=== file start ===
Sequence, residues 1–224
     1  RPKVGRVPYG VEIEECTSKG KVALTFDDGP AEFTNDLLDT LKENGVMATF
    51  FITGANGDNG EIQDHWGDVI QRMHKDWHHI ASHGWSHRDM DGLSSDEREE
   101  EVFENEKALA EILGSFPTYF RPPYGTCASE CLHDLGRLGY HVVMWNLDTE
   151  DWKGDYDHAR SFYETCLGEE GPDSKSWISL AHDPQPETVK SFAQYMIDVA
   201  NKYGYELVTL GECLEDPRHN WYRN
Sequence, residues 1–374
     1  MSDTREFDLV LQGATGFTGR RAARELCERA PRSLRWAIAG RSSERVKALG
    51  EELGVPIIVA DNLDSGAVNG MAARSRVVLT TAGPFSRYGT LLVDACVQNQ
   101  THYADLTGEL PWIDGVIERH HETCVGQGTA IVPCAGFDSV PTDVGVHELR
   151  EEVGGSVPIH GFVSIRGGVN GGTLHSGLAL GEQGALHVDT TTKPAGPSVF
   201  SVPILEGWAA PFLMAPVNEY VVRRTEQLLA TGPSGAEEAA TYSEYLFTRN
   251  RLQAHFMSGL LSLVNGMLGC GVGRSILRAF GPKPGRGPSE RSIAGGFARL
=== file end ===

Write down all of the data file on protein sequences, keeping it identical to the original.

Sequence, residues 1–224
     1  RPKVGRVPYG VEIEECTSKG KVALTFDDGP AEFTNDLLDT LKENGVMATF
    51  FITGANGDNG EIQDHWGDVI QRMHKDWHHI ASHGWSHRDM DGLSSDEREE
   101  EVFENEKALA EILGSFPTYF RPPYGTCASE CLHDLGRLGY HVVMWNLDTE
   151  DWKGDYDHAR SFYETCLGEE GPDSKSWISL AHDPQPETVK SFAQYMIDVA
   201  NKYGYELVTL GECLEDPRHN WYRN
Sequence, residues 1–374
     1  MSDTREFDLV LQGATGFTGR RAARELCERA PRSLRWAIAG RSSERVKALG
    51  EELGVPIIVA DNLDSGAVNG MAARSRVVLT TAGPFSRYGT LLVDACVQNQ
   101  THYADLTGEL PWIDGVIERH HETCVGQGTA IVPCAGFDSV PTDVGVHELR
   151  EEVGGSVPIH GFVSIRGGVN GGTLHSGLAL GEQGALHVDT TTKPAGPSVF
   201  SVPILEGWAA PFLMAPVNEY VVRRTEQLLA TGPSGAEEAA TYSEYLFTRN
   251  RLQAHFMSGL LSLVNGMLGC GVGRSILRAF GPKPGRGPSE RSIAGGFARL